Since first competing in the French Open in 2005 Rafael Nadal has failed to win the men’s singles title at this tournament just twice. In doing so he has won more titles in a Grand Slam than any other men’s singles player in history. However, his defeat in the 2015 French Open quarterfinals suggested that the Nadal era could be drawing to a close.
With Nadal no longer virtually unbeatable on clay, the prospects of other top men’s singles players at the tournament have improved dramatically. In 2015 Stan Wawrinka used the early elimination of Nadal as an opportunity to claim his first French Open title, and in 2016 the likes of Novak Djokovic and Andy Murray will be champing at the bit to claim a title at the world’s greatest clay court tournament.
Here’s a look at the main contenders for the 2016 French Open men’s title.
© AP Photo/Michel Spingler
The man most likely to thwart Nadal is Novak Djokovic. The big Serb has reached the French Open final on three occasions without taking the title, and is therefore yet to consolidate his status as an all-time great by claiming a career grand slam. He’ll be haunted by his upset defeat to Stan Wawrinka last season, and has a point to prove in Paris.
He’s got some form on his side too. Djokovic claimed the second Madrid Masters title of his career at the beginning of May, and then reached the final of the Italian Open in Rome a week later, before losing to Andy Murray. With Nadal struggling with his form ahead of the French Open, Djokovic must fancy his chances with Murray appearing to be the only player capable of preventing him from achieving his French Open title ambitions.
Andy Murray isn’t the first name that comes to mind when you think about clay court tennis. The Scot has won just three of his 36 singles titles on clay, has made the final of a clay court tournament just four times in his career, and has never progressed beyond the semi-finals of the French Open. This may be about to change, however.
After enduring a frustrating first half of the season which saw him reach just two finals, and lose in both, Murray finally hit some form at the Italian Open. There he powered to the final in Rome where he disposed of Novak Djokovic in straight sets. Murray also finds himself in the opposite half of the draw to Nadal and Djokovic, which means he’ll only have to beat one of the two if he is to take the 2016 French Open title.
© AP Photo/David Vincent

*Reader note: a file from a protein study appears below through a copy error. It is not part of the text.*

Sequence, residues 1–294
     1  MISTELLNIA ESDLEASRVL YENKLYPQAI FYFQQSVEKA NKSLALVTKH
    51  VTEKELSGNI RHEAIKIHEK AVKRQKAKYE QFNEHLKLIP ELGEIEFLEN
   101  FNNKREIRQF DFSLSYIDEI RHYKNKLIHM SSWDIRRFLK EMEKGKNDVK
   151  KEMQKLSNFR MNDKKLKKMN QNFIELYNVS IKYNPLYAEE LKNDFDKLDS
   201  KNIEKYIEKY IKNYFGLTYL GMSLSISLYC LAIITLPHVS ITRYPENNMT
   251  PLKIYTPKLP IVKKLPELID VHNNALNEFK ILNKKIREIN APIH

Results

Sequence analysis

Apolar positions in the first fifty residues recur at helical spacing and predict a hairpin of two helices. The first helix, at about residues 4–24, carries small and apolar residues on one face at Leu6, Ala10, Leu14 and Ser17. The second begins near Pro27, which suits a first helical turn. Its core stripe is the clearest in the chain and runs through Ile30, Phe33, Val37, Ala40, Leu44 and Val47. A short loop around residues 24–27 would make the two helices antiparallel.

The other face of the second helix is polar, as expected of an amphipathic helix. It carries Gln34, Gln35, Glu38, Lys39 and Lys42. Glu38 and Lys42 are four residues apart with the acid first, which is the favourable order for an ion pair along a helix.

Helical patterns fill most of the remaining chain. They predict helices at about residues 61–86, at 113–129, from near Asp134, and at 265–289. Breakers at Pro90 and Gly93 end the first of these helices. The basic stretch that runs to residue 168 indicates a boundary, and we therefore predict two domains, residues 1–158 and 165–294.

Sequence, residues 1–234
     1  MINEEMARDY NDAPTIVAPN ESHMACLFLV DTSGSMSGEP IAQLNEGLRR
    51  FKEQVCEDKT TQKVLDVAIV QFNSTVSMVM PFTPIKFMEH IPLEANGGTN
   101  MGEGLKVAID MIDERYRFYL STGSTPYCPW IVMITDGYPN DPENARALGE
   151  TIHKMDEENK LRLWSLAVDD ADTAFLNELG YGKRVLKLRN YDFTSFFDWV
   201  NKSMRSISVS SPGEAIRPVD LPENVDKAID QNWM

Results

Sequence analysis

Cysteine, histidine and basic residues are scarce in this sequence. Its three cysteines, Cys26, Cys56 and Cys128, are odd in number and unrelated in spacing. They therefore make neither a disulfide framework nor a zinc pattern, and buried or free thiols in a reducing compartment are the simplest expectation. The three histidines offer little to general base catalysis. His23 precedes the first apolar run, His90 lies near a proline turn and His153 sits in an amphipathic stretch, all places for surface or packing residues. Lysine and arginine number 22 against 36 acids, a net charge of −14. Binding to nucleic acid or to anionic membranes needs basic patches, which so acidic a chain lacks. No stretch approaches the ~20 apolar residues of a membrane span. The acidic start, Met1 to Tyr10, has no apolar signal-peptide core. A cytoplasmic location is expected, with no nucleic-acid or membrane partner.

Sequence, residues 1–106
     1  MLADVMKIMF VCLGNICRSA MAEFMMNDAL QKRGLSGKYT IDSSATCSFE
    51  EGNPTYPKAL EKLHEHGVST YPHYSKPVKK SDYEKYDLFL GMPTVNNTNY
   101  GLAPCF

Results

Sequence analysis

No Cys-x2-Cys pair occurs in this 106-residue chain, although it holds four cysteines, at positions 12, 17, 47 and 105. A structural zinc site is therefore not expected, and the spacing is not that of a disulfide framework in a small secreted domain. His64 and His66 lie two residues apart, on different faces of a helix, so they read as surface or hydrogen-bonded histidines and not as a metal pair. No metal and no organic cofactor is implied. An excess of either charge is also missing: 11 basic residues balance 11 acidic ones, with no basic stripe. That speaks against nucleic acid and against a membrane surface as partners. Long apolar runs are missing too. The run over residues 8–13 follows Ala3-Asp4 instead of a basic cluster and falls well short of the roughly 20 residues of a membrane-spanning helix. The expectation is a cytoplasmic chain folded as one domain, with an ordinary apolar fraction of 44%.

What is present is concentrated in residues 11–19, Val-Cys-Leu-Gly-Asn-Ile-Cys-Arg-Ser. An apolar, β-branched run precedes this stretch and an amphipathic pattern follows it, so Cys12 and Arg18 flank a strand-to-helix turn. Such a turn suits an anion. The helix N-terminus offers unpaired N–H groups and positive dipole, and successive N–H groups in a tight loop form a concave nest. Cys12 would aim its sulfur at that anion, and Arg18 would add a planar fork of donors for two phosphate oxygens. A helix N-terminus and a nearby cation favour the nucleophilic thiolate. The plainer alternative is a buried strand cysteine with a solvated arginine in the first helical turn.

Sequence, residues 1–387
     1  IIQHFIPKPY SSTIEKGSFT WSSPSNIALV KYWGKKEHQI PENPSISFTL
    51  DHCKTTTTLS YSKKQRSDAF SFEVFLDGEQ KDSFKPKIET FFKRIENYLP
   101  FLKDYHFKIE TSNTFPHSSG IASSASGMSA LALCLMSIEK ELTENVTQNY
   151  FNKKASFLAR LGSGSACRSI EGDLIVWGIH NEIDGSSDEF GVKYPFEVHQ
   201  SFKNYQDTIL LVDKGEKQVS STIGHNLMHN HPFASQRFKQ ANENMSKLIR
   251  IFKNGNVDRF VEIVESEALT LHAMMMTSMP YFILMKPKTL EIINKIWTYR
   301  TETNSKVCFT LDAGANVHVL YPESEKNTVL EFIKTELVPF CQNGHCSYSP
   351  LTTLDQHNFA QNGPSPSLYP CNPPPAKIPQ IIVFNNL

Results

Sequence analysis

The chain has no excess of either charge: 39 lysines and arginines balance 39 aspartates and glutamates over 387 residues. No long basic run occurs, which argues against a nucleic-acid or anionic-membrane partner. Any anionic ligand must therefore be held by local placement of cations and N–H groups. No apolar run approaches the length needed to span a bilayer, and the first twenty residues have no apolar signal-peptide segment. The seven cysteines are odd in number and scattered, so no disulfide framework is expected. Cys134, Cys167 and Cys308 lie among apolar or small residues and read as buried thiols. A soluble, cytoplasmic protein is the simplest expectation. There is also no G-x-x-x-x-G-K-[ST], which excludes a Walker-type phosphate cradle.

The reigning French Open champion can’t be ruled out as a title contender - especially when you consider his knack for winning big matches when they count. In fact Wawrinka hasn’t lost in a final since 2013, and has never lost in a grand slam final. He’s also beaten both Nadal and Djokovic previously at the highest level, and won’t be overawed if he runs into either player deep into the tournament.
Wawrinka has also found some form ahead of the French Open, taking his third ATP Tour title of the season at the Geneva Open in May. Wawrinka joins Andy Murray in the bottom half of the French Open draw, which means he’ll face only one of the deadly Nadal and Djokovic duo if he makes it all the way to the final. He’ll also avoid having to play Murray in the final – a good omen given his inability to defeat Murray in tournament finals in the past.
© AP Photo/Matthias Schrader
If there’s a major upset at the 2016 French Open, don’t be surprised if it’s produced by newcomer, Dominic Thiem. The 22-year-old played his first season in the ATP Tour in 2014 before enjoying a successful season in 2015, where he claimed three ATP 250 series titles and reached one final – all on clay.
By the 21st of May 2016 the Austrian had already matched that haul, taking two more titles on clay (including his first ATP Tour 500 title in Acapulco) along with his first ATP title on hard courts. Thiem’s potential at the 2016 French Open cannot be underestimated – he’s already beaten Rafael Nadal, David Ferrer and Roger Federer on clay this season, and eliminated Stan Wawrinka from the Madrid Open in 2015.
© AP Photo/Christophe Ena
First up is the great man himself. Rafael Nadal’s constant injuries have had a real impact on his career. Apart from a brief revival in 2013 when he won two grand slam titles, his successes on surfaces other than clay have come less frequently, and he’s also lost the air of invincibility he once enjoyed on his favourite surface.
This trend has been demonstrated in the course of the 2016 season, where Nadal started off with a bang on clay with wins in the Monte Carlo Masters and Barcelona Open before failing to reach the finals of either the Madrid Open or the Italian Open. That loss of form won’t have done much for his morale, and while he’ll no doubt play himself into the semi-finals at Roland Garros, a place in the final is by no means a sure thing.
So, who will win it?
The road to the final is going to be an incredibly tough one for all five of the players we have pulled from the field for this 2016 French Open prediction. Much will depend on whether a top seed gets eliminated from the tournament in the early rounds, greasing the path for his main rivals in his side of the draw.
Nadal's surprise withdrawal from the 2016 French Open in the 3rd round has given Novak Djokovic a relatively straightforward run to the final. Uncertainty lingers over Andy Murray’s abilities on clay and young Dominic Thiem is still a long shot despite being likely to knock out a top seed or two. This leaves Stan Wawrinka as the man most likely to upset Djokovic in the final.
Our money is therefore on Djokovic to win the 2016 French Open. He’ll never have a better opportunity to take the title at Roland Garros and is unlikely to allow the chance to win the French Open slip for a fourth time.